Once HHS resolves (ie, effective serum osmolality <310 mOsm/kg, plasma glucose ≤15 mmol/L [270 mg/dL] on <2 IU/h of IV insulin, and recovery to premorbid level of consciousness) and the patient is alert and able to eat, the IV insulin infusion can be transitioned to subcutaneous insulin. The insulin infusion should be maintained for 1 to 2 hours after transitioning to subcutaneous rapid-acting insulin in order to prevent rebound hyperglycemia. In patients treated before with insulin, their previous insulin regimen can be restarted.

Complications and prognosisTop

Complications of HHS include electrolyte abnormalities (eg, hypokalemia) and resultant arrhythmias; hypoglycemia (from insulin treatment); rhabdomyolysis (the mechanism is not completely understood, but it may be due to severe hyperosmolality, severe hypophosphatemia, or both); venous or arterial thromboembolism (due to hypotension and hyperviscosity of blood from volume contraction—which is why thromboprophylaxis with subcutaneous heparin or low-molecular-weight heparin is recommended; see Primary Prevention of Venous Thromboembolism); cerebral edema from rapid lowering of plasma osmolality (rarely fatal in HHS, presumably due to underlying cerebral atrophy in many of older patients); acute respiratory distress syndrome (ARDS) (the mechanism is not entirely understood); and heart failure from fluid overload.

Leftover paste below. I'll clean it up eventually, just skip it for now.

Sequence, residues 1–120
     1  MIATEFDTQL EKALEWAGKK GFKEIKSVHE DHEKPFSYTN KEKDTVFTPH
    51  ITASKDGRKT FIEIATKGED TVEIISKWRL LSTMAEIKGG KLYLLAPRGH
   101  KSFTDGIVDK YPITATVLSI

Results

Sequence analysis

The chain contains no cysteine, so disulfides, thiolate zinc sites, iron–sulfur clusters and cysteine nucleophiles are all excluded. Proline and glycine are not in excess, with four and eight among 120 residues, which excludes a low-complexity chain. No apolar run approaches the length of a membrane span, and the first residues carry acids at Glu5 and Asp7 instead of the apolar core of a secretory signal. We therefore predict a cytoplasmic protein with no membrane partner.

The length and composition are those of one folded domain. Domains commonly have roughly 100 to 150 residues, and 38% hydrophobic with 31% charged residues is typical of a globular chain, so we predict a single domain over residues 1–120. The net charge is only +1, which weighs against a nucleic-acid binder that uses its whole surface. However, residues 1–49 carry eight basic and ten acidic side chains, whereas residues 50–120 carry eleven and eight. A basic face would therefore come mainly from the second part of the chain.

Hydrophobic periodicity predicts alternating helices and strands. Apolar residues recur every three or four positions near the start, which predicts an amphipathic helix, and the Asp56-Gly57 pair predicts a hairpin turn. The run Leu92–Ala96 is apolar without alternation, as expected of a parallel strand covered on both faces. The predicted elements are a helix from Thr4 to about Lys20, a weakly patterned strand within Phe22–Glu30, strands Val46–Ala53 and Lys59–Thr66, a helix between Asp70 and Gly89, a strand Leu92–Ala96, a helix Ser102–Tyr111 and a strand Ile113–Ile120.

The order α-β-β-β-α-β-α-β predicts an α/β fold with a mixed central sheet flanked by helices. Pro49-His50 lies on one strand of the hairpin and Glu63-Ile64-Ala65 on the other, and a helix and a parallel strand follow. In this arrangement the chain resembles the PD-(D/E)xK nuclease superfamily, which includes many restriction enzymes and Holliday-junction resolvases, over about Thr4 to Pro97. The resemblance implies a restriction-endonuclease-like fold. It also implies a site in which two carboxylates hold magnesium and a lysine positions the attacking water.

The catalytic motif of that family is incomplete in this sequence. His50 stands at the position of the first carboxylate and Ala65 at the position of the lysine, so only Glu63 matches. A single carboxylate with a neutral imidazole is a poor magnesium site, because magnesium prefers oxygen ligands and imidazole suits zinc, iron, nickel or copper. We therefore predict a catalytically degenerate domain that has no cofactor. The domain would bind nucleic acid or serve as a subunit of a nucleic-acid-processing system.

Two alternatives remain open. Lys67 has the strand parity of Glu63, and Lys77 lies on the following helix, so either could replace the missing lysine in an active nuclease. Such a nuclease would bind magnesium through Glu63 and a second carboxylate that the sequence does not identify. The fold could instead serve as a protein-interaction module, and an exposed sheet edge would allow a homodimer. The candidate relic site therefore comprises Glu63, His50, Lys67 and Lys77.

The estimated mortality rate in HHS is ~20% and is 10 times higher than that reported for DKA. Prognosis depends on the presence of comorbidities, age, and severity of dehydration.


Table 6.2-7. Diagnostic criteria for hyperglycemic hyperosmolar state (HHS)


Values typical for HHS

Blood glucose level

≥33.3 mmol/L (600 mg/dL)



Serum bicarbonate level

>15 mmol/L

Urine/serum ketones

 Absent or trace

Effective serum osmolalitya

>320 mOsm/kg H2Ob

Level of consciousness


Anion gap


a Effective serum osmolality = [2 × Na (mmol/L)] + [glucose (mmol/L)] or [2 × Na (mEq/L)] + [glucose (mg/dL)/18]

b Reference range: 280 to 300 mOsm/kg H2O.